High-quality three-dimensional structural data is of great value for the functional interpretation of biomacromolecules, especially proteins; however, structural quality varies greatly across the entries in the worldwide Protein Data Bank (wwPDB). Since 2008, the wwPDB has required the inclusion of structure factors with the deposition of x-ray crystallographic structures to support the independent evaluation of structures with respect to the underlying experimental data used to derive those structures. However, interpreting the discrepancies between the structural model and its underlying electron density data is difficult, since derived sigma-scaled electron density maps use arbitrary electron density units which are inconsistent between maps from different wwPDB entries. Therefore, we have developed a method that converts electron density values from sigma-scaled electron density maps into units of electrons. With this conversion, we have developed new methods that can evaluate specific regions of an x-ray crystallographic structure with respect to a physicochemical interpretation of its corresponding electron density map. We have systematically compared all deposited x-ray crystallographic protein models in the wwPDB with their underlying electron density maps, if available, and characterized the electron density in terms of expected numbers of electrons based on the structural model. The methods generated coherent evaluation metrics throughout all PDB entries with associated electron density data, which are consistent with visualization software that would normally be used for manual quality assessment. To our knowledge, this is the first attempt to derive units of electrons directly from electron density maps without the aid of the underlying structure factors. These new metrics are biochemically-informative and can be extremely useful for filtering out low-quality structural regions from inclusion into systematic analyses that span large numbers of PDB entries. Furthermore, these new metrics will improve the ability of non-crystallographers to evaluate regions of interest within PDB entries, since only the PDB structure and the associated electron density maps are needed. These new methods are available as a well-documented Python package on GitHub and the Python Package Index under a modified Clear BSD open source license.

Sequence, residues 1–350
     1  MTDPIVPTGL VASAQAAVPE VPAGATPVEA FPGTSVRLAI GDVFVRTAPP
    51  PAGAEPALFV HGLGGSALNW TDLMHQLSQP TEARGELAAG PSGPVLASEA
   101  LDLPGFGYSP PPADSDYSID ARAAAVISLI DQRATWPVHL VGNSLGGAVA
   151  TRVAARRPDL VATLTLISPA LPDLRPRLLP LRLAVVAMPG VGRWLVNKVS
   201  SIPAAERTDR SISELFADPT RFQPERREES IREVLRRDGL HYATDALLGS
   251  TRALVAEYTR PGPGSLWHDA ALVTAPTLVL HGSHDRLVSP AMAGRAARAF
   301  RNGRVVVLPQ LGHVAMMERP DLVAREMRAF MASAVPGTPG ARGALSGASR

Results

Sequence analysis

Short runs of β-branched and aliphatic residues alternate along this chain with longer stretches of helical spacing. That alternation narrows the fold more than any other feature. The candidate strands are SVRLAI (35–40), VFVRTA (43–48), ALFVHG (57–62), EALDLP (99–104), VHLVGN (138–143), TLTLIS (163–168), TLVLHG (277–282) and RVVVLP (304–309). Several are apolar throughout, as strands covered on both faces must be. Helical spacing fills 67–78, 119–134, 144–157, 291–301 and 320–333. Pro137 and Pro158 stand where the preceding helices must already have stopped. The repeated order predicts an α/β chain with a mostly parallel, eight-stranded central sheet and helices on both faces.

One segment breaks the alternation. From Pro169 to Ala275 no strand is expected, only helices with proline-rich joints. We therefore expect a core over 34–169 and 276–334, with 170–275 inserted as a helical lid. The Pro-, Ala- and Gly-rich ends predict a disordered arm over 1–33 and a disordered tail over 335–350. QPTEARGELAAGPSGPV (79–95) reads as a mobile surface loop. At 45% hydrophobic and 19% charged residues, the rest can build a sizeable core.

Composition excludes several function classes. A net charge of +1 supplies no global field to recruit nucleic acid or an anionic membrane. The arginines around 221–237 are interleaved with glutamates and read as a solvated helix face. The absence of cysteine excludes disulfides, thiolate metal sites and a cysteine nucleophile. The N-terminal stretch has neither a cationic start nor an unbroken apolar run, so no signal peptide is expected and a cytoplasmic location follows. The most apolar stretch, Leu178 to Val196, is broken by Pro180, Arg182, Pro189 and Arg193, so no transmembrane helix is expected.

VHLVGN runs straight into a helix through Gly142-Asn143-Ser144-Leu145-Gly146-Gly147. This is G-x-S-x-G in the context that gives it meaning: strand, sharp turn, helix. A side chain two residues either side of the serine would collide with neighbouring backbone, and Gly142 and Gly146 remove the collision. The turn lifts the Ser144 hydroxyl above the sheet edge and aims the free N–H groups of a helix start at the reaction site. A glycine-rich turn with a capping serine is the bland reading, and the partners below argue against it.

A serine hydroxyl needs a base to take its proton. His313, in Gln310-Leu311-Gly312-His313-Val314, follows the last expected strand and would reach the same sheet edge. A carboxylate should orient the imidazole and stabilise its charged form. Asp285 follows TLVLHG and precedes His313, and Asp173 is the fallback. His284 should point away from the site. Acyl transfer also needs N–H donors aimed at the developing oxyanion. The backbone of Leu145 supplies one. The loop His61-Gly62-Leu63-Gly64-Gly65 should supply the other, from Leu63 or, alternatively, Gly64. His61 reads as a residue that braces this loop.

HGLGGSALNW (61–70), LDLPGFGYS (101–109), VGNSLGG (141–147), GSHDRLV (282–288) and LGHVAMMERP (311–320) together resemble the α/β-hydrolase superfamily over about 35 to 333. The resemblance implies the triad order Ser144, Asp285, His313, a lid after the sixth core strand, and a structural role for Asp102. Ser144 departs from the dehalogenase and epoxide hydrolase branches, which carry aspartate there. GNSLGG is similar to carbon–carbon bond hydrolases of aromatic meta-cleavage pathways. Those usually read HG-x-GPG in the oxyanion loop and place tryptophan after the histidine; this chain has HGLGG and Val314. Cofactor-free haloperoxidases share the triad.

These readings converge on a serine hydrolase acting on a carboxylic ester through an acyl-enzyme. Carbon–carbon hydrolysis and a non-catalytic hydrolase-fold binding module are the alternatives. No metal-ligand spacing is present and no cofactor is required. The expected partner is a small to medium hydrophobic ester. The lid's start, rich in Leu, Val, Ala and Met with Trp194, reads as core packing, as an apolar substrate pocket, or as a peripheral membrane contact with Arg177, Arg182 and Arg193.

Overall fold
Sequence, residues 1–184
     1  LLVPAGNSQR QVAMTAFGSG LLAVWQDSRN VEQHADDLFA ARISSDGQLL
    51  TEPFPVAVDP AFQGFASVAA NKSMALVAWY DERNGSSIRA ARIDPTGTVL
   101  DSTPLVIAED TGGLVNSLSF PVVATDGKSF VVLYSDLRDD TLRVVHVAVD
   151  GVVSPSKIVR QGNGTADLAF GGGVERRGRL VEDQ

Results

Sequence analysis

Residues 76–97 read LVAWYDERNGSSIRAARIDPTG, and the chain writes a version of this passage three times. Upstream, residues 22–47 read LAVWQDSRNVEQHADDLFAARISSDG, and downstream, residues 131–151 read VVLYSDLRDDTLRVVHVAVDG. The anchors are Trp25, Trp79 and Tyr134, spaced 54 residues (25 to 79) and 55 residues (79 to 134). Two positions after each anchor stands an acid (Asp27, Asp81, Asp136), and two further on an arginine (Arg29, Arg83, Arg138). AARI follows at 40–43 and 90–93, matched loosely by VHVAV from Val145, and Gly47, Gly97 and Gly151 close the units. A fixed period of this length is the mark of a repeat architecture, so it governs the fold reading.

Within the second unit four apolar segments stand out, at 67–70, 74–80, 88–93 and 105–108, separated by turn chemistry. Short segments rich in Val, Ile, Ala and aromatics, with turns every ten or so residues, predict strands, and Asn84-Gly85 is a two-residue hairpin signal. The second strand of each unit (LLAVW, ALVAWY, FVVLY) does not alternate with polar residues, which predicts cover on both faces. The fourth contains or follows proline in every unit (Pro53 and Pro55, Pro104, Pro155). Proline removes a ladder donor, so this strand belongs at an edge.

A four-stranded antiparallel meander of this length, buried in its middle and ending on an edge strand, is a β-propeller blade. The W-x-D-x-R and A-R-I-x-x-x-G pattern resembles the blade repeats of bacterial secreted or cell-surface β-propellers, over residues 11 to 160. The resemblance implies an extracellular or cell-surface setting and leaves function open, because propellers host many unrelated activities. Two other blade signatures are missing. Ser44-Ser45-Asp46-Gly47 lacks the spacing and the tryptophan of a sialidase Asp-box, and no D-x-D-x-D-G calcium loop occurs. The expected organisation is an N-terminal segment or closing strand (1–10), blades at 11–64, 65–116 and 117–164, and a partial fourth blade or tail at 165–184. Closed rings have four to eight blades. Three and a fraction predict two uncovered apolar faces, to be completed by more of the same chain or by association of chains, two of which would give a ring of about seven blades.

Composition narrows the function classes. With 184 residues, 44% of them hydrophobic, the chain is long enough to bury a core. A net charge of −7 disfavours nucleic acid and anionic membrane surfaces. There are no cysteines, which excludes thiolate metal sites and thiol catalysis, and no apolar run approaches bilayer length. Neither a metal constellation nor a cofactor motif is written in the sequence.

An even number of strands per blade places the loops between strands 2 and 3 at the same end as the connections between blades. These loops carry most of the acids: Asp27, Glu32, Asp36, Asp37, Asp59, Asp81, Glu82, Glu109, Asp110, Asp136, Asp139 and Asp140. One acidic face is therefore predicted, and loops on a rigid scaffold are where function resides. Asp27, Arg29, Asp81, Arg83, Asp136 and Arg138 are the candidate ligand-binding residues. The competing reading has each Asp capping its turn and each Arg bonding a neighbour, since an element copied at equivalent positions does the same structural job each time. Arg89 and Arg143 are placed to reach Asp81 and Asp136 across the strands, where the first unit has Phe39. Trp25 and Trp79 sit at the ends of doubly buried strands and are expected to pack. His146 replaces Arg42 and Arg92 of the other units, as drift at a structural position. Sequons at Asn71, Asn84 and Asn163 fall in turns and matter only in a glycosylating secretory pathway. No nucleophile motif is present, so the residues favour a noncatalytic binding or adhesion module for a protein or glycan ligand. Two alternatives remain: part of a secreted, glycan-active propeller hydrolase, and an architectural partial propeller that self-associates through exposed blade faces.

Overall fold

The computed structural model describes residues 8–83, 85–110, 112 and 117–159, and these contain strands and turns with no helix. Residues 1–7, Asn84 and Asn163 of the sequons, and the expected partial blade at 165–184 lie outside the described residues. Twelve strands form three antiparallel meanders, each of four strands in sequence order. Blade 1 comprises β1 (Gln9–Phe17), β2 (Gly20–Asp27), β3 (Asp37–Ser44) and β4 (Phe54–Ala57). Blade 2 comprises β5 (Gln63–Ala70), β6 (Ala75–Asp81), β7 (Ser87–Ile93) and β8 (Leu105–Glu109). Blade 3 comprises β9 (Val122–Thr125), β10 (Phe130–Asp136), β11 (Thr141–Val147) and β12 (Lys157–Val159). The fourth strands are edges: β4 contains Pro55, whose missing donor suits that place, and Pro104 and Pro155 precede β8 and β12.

Document Type


Publication Date


Notes/Citation Information

Published in PLOS ONE, v. 15, issue 8, 0236894.

© 2020 Yao, Moseley.

This is an open access article distributed under the terms of the Creative Commons Attribution License, which permits unrestricted use, distribution, and reproduction in any medium, provided the original author and source are credited.

Digital Object Identifier (DOI)


Funding Information

HNBM received National Science Foundation (https://www.nsf.gov/) award 1419282.

Related Content

An older version of this manuscript is available on the bioRxiv preprint server: https://doi.org/10.1101/613109. Also the described software is available on GitHub (https://github.com/MoseleyBioinformaticsLab/pdb_eda) and the Python Package Index (https://pypi.org/project/pdb-eda/), the documentation is available on ReadTheDocs (https://pdb-eda.readthedocs.io/en/latest/), and all results are available on a FigShare repository (https://doi.org/10.6084/m9.figshare.7994294).

pone.0236894.s001.docx (13 kB)
S1 Table. Atom type mapping and the electron counts for the 20 common residues. https://doi.org/10.1371/journal.pone.0236894.s001

pone.0236894.s002.docx (13 kB)
S2 Table. Atom-specific electron counts for the 20 common residues. https://doi.org/10.1371/journal.pone.0236894.s002

pone.0236894.s003.tiff (599 kB)
S1 Fig. Density plot of the median chain deviation fraction for all structures in the PDB of different resolutions. https://doi.org/10.1371/journal.pone.0236894.s003